Any heavy lifting
When getting in and out of bed, make sure you roll on to your side first. Don’t do a ‘sit up’.
Apply gentle pressure to your tummy to support it when coughing, sneezing or laughing.
Avoid any activities that over stretch your abdominals such as leaning back over a fit-ball or backbends
Any activity that causes bulging or doming of your tummy
How can I correct my DRAM? Most DRAMs respond very well to a specific exercise program that usually starts with activating from the inside out, or more specifically your transversus abdominus muscle. Your exercise program should be corrected and progress as you become stronger and the gap continues to close. Immediately post-delivery, women with a larger than 2cm gap may benefit from an abdominal support, but this is only a temporary measure until your deep abdominal muscles are stronger. Wearing an abdominal support for a long period of time will ultimately weaken your abdominal muscles.
How long will it take for my DRAM to disappear? This varies from woman to woman but can be anywhere from six weeks to a year. Many factors will influence your recovery such as your commitment to the exercises, avoiding aggravating activities, posture and genetics. Many women will never achieve complete closure of the connective tissue of their abdominal muscles, but anything less than 2cm is considered to be in the normal range.
I am 6 weeks postnatal and would like to start bootcamp. Is this ok? At 6 weeks postnatal, your ligaments and connective tissue will still be softer and stretchier. This means your joints will be vulnerable to injury. In addition your pelvic floor will still be weaker and certain high impact exercises can have a negative affect on your pelvic floor leading to urinary incontinence or prolapse. Many trainers theses days are able to assess for a DRAM and they would hopefully refer you on to a women’s health physiotherapist if your gap was bigger than 2cm. Even certain core exercises like the plank can be detrimental to your DRAM if you have a large gap or aren’t able to activate your deep abdominal muscles correctly. Ideally all postnatal women should have their abdominal muscles checked before embarking on a new fitness regime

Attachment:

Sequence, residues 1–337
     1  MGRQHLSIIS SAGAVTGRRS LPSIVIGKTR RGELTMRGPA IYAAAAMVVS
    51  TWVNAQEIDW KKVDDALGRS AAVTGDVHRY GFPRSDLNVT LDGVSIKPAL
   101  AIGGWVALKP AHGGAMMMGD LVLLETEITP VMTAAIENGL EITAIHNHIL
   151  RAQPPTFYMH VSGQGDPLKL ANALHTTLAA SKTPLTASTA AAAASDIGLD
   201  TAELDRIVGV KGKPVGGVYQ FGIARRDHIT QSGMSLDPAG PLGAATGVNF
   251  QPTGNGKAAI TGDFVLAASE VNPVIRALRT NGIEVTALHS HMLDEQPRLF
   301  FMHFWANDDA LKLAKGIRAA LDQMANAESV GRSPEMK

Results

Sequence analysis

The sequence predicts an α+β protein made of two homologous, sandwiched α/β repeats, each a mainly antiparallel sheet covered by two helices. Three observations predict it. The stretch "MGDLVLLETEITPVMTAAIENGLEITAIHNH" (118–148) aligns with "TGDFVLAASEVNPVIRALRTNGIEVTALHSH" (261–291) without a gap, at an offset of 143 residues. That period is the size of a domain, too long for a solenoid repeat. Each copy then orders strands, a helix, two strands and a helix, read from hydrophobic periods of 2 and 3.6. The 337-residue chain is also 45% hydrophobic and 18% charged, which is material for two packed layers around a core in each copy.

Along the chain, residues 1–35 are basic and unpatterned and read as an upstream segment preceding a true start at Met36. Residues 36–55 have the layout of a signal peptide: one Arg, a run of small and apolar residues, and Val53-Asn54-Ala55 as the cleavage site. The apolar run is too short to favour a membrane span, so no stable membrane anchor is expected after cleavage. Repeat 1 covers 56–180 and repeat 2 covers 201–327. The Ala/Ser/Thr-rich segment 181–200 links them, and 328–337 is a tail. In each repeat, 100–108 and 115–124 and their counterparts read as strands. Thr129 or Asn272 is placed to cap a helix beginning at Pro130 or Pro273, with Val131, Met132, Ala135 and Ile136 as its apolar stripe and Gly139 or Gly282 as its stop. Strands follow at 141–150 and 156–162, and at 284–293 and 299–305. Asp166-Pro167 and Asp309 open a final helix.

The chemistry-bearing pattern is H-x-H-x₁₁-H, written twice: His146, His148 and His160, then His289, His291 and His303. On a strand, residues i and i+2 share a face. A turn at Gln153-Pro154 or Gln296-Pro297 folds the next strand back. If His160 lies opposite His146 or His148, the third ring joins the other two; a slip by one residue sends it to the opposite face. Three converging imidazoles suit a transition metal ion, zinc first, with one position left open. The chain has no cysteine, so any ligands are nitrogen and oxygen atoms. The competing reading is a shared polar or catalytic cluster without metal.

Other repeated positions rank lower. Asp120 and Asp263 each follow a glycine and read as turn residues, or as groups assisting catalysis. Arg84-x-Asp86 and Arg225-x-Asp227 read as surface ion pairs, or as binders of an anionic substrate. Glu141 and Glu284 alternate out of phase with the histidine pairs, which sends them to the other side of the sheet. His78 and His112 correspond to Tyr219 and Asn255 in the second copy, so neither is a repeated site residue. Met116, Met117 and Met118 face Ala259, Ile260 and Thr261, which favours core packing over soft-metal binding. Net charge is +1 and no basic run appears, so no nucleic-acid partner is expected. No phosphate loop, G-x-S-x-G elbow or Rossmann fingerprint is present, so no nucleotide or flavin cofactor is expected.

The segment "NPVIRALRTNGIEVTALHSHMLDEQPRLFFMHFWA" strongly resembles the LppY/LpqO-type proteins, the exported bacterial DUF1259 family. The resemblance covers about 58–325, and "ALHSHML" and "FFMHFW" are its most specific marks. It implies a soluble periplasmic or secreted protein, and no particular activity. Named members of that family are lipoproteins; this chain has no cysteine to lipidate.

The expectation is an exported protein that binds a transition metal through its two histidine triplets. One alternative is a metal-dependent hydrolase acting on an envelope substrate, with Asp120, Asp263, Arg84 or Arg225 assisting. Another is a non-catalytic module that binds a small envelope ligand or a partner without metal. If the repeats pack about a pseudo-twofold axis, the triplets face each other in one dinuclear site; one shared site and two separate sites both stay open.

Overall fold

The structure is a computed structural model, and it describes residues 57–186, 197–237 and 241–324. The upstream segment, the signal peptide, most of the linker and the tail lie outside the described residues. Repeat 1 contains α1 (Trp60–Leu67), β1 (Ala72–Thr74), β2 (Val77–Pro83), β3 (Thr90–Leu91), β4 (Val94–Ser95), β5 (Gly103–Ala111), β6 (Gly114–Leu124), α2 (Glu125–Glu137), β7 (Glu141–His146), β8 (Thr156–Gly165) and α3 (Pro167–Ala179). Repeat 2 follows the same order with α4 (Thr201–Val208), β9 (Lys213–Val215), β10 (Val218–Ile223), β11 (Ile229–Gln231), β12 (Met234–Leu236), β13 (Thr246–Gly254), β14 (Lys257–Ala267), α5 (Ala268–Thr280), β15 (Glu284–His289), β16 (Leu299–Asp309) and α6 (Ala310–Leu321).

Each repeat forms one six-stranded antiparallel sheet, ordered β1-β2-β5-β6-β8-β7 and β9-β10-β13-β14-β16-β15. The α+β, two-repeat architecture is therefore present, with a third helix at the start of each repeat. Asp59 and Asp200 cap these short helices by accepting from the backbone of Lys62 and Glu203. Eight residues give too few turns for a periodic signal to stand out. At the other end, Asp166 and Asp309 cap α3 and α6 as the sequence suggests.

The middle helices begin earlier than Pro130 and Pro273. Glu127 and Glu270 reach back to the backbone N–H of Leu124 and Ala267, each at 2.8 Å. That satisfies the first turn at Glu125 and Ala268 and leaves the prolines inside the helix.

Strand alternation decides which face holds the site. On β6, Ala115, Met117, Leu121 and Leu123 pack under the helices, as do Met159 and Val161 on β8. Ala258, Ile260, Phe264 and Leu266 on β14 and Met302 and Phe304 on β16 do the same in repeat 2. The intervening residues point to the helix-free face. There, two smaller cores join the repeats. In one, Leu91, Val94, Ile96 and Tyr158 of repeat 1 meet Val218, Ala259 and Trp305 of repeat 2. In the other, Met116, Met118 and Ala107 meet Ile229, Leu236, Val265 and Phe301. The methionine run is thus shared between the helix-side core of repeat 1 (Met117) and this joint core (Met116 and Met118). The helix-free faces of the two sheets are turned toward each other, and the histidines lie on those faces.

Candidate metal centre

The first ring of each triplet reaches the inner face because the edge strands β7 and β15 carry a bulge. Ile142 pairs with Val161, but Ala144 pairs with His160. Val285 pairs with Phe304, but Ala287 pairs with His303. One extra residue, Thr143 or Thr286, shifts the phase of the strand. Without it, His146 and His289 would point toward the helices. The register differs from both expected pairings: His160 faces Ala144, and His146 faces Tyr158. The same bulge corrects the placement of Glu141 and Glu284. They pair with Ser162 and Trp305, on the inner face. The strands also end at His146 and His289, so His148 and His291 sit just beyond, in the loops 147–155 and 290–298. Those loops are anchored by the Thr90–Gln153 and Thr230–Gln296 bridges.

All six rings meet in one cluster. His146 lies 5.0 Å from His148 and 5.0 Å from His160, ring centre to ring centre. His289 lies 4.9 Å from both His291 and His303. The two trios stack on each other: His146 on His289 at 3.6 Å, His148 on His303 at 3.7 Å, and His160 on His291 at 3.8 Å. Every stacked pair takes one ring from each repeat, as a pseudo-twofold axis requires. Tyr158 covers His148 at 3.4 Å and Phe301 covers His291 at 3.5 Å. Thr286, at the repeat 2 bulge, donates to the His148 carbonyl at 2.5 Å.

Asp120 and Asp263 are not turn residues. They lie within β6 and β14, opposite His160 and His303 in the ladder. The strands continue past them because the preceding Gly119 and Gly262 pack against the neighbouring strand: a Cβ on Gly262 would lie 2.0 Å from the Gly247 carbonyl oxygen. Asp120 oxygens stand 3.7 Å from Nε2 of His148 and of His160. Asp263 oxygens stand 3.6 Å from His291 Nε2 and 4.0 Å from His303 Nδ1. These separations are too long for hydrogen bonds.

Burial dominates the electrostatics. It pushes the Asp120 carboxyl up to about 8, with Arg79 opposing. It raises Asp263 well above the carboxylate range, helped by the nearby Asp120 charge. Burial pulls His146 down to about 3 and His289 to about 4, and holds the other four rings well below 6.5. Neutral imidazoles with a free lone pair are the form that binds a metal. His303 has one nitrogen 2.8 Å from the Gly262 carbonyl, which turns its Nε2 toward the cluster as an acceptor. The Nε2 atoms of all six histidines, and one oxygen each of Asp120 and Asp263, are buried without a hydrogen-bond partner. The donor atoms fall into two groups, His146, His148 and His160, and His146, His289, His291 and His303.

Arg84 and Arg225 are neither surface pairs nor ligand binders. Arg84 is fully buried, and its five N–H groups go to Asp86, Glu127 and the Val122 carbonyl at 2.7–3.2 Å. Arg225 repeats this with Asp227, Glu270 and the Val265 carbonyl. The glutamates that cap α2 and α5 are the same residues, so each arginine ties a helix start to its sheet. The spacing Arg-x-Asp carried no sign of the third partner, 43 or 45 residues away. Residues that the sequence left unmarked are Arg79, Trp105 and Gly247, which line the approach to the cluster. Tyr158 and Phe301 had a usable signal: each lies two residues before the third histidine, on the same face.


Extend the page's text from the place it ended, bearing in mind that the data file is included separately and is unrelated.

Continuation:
I am 6 months postnatal and have just started some personal training, but my trainer has told me I have separation of my abdominal muscles. Is it too late to work on closing the gap? It is never too late to start specific exercises to help close a DRAM!
I have been told that I have an abdominal muscle separation, is this dangerous? A DRAM is not dangerous, however, it can predispose you to back pain, pelvic instability, urinary incontinence and postural problems. Some women with DRAM may develop hernias, which would require a medical assessment.
Do I need surgery to correct my DRAM? Most women will achieve good results by following an appropriate exercise program for DRAM. Very few women have an actual separation or tear of the linea alba which might ultimately require surgery.
Second-time mama Namita discovers heaps of cool new baby products on the market since giving birth six years ago
Figuring out what you need for a newborn baby can be daunting…everyone has their version of the ‘must-haves’ list! I distinctly recall buying way too many things for my son and feeling bad about not using many items lovingly purchased for him.
With Baby #2 on the way, I wanted to be a bit smarter about what I was going to stock up on…I had kept some of my son’s old things but given the six-year age gap, I knew I had a fair bit of new things to buy and so I sat down to dust off the old excel sheet.
I was also really curious to learn about what new baby products were on the market- given the progress in tech in the last six years! Of course, the basic items such as swaddles, wash cloths, onesies, pacifiers etc. will always be needed and on the list…but what were the cool new baby gizmos out there? I did tons of research online and snapped up a whole bunch of new products in no time. Watch out, mama, the nesting phase can be dangerous to the wallet!
Fast forward to baby girl being born and now that we’re a month in, we have a real sense of the items from my list that are super useful and impressive. As you can probably imagine, I once again bought way too many things (and way too many pink things!), so here I am distilling down the top 10 items that have really wowed this mama!
Click through our gallery to see Namita’s Top 10 picks!
Check out our roundup of eight ways to take care of your body before, during and after pregnancy!
And to make sure you give your bub the best possible start (by saving money, of course!), be sure to click all the way through to find out how you can score an exclusive discount off groceries with FairPrice On.